Submitted to: Mid-South Entomologists online journal
Publication Type: Abstract Only
Publication Acceptance Date: 12/15/2011
Publication Date: 3/1/2012
Citation: Allen, K.C., Jones, G.D. 2012. Utilization of pollen to examine insect foraging and movement. Mid-South Entomologists online journal. 5:31-32.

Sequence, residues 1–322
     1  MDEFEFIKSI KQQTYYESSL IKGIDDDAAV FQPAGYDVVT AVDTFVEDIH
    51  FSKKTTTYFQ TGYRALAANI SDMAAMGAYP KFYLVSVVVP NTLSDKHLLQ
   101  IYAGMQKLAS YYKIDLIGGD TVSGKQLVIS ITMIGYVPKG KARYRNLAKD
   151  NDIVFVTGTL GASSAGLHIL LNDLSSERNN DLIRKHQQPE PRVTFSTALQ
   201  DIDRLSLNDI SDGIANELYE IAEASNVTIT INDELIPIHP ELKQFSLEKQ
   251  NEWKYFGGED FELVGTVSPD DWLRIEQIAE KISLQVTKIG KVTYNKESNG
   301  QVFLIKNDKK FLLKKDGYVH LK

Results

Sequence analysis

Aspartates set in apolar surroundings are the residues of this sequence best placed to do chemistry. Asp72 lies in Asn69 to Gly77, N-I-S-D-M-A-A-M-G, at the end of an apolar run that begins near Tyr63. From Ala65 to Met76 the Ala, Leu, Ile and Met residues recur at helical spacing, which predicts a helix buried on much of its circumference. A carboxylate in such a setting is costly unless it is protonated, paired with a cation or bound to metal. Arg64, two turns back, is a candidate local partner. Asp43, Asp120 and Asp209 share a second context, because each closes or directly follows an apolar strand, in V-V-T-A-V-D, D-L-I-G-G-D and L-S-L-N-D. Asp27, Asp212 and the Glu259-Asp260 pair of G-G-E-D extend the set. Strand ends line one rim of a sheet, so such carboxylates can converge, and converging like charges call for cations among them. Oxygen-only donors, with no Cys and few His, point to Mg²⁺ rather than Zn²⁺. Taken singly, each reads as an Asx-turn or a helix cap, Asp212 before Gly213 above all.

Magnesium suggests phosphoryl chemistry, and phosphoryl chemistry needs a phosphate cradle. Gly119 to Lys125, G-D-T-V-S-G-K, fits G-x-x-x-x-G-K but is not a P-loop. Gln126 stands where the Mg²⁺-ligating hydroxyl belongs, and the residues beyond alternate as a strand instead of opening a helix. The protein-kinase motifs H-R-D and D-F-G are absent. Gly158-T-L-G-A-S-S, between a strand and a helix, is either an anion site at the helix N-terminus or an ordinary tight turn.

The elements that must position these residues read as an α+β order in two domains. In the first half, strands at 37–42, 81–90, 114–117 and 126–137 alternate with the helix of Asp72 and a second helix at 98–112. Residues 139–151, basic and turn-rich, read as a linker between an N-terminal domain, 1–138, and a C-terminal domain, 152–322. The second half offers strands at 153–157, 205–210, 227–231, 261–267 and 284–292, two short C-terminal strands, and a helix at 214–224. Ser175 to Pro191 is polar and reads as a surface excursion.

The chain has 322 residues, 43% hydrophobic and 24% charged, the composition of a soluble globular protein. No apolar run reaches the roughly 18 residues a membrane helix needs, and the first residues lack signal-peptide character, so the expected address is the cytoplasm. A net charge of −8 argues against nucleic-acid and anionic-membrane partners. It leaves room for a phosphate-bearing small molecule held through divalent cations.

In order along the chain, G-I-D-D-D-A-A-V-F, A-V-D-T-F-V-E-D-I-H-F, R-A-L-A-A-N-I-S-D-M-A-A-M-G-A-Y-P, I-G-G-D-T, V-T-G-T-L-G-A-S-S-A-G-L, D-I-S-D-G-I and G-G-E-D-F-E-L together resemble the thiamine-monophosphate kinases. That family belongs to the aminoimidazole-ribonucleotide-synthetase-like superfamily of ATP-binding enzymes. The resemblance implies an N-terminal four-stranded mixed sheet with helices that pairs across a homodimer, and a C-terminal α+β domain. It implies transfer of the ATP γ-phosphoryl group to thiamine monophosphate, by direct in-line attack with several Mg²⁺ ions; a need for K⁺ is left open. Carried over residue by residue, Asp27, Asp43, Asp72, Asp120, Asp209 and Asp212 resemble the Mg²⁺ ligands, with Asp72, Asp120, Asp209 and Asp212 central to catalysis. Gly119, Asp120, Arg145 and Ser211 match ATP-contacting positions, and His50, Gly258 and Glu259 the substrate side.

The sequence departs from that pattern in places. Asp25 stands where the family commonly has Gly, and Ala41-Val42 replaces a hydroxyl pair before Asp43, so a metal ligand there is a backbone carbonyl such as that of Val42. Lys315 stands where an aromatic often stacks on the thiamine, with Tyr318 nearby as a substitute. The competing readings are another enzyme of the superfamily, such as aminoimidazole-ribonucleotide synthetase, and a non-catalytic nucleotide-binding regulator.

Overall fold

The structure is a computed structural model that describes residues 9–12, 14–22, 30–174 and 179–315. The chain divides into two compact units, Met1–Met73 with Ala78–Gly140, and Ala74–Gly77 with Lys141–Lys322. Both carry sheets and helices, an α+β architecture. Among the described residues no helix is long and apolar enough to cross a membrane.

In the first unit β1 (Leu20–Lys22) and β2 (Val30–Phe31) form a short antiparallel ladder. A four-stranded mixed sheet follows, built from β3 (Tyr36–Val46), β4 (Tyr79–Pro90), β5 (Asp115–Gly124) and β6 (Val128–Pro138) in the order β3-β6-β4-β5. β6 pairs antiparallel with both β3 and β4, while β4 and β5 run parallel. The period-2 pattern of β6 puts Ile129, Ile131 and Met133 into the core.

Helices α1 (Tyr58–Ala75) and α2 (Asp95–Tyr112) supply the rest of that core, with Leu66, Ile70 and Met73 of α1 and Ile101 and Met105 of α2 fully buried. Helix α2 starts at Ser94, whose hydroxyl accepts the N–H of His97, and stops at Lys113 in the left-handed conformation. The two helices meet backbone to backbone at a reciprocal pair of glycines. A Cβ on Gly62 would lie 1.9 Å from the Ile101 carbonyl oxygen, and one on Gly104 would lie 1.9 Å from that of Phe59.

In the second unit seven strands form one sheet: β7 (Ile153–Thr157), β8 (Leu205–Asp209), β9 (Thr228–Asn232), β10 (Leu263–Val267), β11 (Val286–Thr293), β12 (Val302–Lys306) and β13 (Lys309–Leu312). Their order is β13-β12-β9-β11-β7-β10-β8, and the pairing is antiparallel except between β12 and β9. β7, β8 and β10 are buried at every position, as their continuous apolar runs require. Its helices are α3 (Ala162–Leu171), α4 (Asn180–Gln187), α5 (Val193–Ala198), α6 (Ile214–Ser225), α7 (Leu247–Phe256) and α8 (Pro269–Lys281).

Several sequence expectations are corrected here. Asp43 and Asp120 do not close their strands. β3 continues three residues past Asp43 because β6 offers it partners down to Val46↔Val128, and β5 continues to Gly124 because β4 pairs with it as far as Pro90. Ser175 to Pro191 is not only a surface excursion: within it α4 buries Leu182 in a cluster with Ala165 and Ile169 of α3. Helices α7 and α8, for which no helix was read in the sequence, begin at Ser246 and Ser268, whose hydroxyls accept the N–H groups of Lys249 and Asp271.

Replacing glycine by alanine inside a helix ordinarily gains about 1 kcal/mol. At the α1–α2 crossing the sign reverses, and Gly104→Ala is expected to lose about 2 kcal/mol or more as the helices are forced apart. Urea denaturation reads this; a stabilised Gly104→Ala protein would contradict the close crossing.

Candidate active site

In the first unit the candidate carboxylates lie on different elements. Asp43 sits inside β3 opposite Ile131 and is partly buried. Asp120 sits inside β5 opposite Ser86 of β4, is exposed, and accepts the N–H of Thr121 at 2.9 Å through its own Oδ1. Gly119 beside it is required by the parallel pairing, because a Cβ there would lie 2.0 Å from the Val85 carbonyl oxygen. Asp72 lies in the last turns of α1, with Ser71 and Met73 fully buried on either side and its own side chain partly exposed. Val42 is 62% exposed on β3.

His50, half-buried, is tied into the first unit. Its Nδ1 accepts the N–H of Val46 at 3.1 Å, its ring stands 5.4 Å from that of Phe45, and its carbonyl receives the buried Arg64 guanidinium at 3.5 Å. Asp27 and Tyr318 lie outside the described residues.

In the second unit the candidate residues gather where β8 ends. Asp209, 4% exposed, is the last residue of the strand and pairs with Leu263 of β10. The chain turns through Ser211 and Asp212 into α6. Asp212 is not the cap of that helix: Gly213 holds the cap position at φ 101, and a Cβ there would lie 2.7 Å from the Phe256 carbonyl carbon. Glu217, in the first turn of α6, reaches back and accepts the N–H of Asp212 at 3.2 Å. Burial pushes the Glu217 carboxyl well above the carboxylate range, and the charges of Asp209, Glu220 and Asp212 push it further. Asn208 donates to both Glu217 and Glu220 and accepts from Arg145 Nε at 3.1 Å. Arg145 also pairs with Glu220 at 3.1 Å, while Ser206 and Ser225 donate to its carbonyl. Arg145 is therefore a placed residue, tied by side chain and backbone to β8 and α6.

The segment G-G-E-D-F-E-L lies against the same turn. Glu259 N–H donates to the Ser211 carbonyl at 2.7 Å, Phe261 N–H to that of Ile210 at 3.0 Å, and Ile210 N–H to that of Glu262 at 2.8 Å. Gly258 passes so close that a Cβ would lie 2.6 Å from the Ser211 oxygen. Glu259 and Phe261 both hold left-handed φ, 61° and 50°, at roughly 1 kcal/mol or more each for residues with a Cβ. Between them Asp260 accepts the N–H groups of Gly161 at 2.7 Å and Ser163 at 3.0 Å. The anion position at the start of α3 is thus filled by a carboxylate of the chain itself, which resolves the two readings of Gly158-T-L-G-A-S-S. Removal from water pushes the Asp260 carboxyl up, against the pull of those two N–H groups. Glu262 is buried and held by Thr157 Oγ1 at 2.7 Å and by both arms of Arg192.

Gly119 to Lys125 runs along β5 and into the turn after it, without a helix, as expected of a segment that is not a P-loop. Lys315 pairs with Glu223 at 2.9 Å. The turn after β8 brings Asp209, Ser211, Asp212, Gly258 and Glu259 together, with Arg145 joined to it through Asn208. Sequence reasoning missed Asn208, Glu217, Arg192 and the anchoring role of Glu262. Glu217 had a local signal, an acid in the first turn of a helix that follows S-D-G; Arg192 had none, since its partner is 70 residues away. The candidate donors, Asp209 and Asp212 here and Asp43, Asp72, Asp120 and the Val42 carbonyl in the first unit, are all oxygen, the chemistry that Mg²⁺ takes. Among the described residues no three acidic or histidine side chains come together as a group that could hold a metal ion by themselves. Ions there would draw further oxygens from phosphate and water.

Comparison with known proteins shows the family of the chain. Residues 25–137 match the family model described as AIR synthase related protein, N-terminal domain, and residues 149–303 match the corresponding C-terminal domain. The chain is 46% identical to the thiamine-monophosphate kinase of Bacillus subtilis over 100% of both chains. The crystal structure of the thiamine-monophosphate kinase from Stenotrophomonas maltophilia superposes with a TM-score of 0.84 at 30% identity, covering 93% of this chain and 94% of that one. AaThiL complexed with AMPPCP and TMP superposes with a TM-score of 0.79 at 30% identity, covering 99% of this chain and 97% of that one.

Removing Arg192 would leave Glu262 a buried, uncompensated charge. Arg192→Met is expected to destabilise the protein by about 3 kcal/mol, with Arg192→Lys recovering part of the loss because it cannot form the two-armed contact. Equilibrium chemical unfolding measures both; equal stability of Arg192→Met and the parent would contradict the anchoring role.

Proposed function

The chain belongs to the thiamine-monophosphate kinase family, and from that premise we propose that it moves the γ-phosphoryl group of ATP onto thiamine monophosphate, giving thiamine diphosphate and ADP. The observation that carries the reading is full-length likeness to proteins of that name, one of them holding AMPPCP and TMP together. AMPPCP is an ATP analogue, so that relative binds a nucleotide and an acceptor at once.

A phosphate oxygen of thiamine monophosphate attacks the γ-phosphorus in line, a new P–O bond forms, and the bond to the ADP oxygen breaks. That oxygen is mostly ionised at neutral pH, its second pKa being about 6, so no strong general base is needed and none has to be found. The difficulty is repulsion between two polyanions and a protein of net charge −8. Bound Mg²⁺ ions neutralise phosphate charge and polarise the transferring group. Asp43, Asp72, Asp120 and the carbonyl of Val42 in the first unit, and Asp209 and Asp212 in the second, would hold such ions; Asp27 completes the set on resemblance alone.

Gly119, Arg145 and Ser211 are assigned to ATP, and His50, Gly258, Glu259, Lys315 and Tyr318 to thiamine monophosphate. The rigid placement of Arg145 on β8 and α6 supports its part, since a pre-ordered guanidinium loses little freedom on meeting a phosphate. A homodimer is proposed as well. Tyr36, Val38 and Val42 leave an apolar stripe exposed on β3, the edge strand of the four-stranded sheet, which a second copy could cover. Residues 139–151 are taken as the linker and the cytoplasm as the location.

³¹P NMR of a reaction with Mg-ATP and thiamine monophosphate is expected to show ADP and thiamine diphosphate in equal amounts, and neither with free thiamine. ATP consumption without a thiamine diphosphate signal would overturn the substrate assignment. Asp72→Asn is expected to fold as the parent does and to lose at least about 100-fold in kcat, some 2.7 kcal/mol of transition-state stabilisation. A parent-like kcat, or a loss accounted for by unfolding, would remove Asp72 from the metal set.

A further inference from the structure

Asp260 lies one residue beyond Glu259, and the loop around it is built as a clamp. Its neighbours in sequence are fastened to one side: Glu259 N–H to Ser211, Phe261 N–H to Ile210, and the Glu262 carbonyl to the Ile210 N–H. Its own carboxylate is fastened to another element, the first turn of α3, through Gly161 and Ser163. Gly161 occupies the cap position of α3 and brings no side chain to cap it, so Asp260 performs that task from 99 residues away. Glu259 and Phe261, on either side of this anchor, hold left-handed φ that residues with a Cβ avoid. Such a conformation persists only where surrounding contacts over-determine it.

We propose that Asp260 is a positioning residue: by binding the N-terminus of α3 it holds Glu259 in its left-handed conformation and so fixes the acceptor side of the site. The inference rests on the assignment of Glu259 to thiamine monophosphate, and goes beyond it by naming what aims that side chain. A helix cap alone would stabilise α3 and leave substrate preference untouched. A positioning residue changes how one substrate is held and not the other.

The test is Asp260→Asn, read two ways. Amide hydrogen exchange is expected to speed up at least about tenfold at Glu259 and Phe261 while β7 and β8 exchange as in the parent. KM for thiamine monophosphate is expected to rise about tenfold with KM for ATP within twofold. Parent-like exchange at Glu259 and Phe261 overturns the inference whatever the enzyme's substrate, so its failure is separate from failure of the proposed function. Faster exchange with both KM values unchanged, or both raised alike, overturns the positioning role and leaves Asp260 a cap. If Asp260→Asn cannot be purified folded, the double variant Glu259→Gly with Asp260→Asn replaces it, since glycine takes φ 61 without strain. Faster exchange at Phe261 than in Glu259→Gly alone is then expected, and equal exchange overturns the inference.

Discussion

Technical Abstract: The outer wall of a pollen grain is called the exine and protects the genetic material located inside the grain from desiccation and radiation. It is made up largely of a complex molecule called sporopollenin, which is durable and does not easily decay. The exine also exhibits specific patterns which are used to identify the plant of origin to the family, genus, and often species rank. Insects often become “contaminated” with pollen, either internally or externally, during feeding activities on a particular plant. Due to their unique characteristics and their common association with insects, pollen grains have been utilized to examine foraging habits and movement of some insect species. Pollen grains found on some moths that were collected hundreds of kilometers from the nearest plant distribution have been used to indicate long-range migration. Also, the finding of pollen grains and the identification of the plants producing these grains in the gut of various insect species provide information on foraging habits. In a preliminary study, a process called “acetolysis” was used in an effort to recover pigweed pollen grains from tarnished plant bugs. Plant bugs were fed pigweed pollen in the laboratory and removed from the pigweed after three days of feeding and placed in a container with some water saturated floral foam. The tarnished plant bugs were frozen at different time intervals after removal from the pigweed. Pigweed pollen was found in over 50% of the tarnished plant bug samples after four days of being removed from the pigweed.